Skinner, Matthew (DNB00)

From Wikisource
Jump to: navigation, search

SKINNER, MATTHEW (1689–1749), serjeant-at-law, great-grandson of Bishop Robert Skinner [q. v.], was the third and youngest son of Robert Skinner of Welton, Northamptonshire, and of the Inner Temple, judge of the Marshalsea court, and ‘law reporter.’ Born on 22 Oct. 1689, Matthew entered Westminster school at the age of fourteen, and, being elected to a studentship at Christ Church, Oxford, matriculated on 18 June 1709, and entered himself a student of Lincoln's Inn two days afterwards. Having been called to the bar on 21 April 1716, he joined the Oxford circuit, and was chosen recorder of Oxford on 30 May 1721. In 1719 he purchased from Simon Urling (afterwards recorder of London), the place of one of the four common pleaders of the city of London, who then enjoyed the exclusive right and privilege of practising in the lord mayor's court; but this position he surrendered in 1722 to Thomas Garrard (afterwards common serjeant of London). So rapidly did his practice increase that he was called to the rank of serjeant-at-law in Easter term, 1 Feb. 1724, was made one of the king's serjeants on 11 June 1728, and became his majesty's prime (or first) serjeant by letters patent on 12 May 1734. He served as treasurer of Serjeants' Inn in 1728, and the same year published his father's ‘Reports of Cases decided in the Court of King's Bench, 33 Charles II to 9 William III.’ After making an unsuccessful attempt to enter parliament for Andover in 1727, Skinner, who resided at Oxford (1722–1739), was chosen member for that city at the general election of 1734, but on 26 Nov. 1738 vacated his seat on being appointed chief justice of Chester, and of the great sessions for the counties of Flint, Denbigh, and Montgomery, which judicial position, together with the recordership of Oxford, he occupied until his death. He was the second counsel for the crown in the prosecution of the rebels on the northern circuit in July 1746, and led for the crown at Lord Balmerino's trial in the House of Lords the same year.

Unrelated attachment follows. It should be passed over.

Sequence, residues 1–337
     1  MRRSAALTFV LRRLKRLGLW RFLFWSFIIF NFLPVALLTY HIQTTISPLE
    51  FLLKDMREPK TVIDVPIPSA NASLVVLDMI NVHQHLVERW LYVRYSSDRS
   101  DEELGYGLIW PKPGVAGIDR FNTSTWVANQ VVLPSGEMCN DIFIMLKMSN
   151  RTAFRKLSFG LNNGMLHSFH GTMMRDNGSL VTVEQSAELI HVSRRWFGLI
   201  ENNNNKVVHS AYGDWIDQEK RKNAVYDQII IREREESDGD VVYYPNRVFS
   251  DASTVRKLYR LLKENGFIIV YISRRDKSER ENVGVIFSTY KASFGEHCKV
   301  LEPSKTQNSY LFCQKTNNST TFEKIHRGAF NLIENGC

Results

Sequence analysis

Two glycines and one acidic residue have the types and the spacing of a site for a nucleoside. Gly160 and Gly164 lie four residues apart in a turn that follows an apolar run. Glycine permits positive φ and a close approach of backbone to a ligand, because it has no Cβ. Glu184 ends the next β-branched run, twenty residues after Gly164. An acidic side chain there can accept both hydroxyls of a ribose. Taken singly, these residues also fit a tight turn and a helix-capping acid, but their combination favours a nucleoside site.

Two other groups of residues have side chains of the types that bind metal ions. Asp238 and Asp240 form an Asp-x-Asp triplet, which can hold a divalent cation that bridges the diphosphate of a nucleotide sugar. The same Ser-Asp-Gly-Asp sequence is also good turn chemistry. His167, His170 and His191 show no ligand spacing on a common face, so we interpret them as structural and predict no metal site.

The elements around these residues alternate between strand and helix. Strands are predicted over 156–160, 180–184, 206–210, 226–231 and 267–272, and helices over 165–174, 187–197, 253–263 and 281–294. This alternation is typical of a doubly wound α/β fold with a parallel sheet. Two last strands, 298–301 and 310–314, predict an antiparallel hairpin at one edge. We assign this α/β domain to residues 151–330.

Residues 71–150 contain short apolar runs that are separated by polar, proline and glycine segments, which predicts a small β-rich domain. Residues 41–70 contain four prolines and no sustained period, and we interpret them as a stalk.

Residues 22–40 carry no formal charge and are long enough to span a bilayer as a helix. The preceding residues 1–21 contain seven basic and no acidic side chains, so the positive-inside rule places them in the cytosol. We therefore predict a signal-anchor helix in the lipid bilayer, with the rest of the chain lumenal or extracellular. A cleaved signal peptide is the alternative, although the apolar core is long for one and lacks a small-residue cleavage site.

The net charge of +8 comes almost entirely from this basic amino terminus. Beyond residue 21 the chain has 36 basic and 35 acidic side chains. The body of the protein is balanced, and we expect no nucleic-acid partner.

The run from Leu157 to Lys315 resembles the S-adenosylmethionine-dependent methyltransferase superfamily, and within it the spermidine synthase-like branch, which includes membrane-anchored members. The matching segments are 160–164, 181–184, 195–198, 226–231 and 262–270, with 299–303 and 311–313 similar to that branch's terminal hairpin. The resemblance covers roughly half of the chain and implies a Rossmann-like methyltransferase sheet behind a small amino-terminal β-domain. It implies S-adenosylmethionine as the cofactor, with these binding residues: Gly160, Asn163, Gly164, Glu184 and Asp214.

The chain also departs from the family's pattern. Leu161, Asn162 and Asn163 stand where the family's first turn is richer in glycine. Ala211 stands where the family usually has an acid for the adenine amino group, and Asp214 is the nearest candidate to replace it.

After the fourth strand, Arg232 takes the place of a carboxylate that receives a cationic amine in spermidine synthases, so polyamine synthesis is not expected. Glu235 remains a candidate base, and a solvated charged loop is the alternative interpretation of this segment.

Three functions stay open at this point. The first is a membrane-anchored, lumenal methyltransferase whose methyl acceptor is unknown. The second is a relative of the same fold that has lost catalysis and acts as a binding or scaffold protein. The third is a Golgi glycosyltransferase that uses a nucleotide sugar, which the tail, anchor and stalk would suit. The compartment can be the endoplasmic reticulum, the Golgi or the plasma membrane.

Skinner married, in 1719, Elizabeth, daughter of Thomas Whitfield of Watford Place, Hertfordshire, and, dying at Oxford on 21 Oct. 1749, was buried in the cathedral. His eldest son died on 8 April 1735; while another son, Matthew Skinner, was also a barrister of Lincoln's Inn, and was invited to the bench of that society on 28 Nov. 1782, but does not appear to have sat.

[Welch's Alumni Westm.; Foster's Alumni Oxon. 1500–1714; Woolrych's Serjeants-at-Law; Official Returns of Members of Parliament; Smith's Parliaments of England: Gent. Mag. 1749, p. 476; Ockerby's Book of Dignities.]

W. R. W.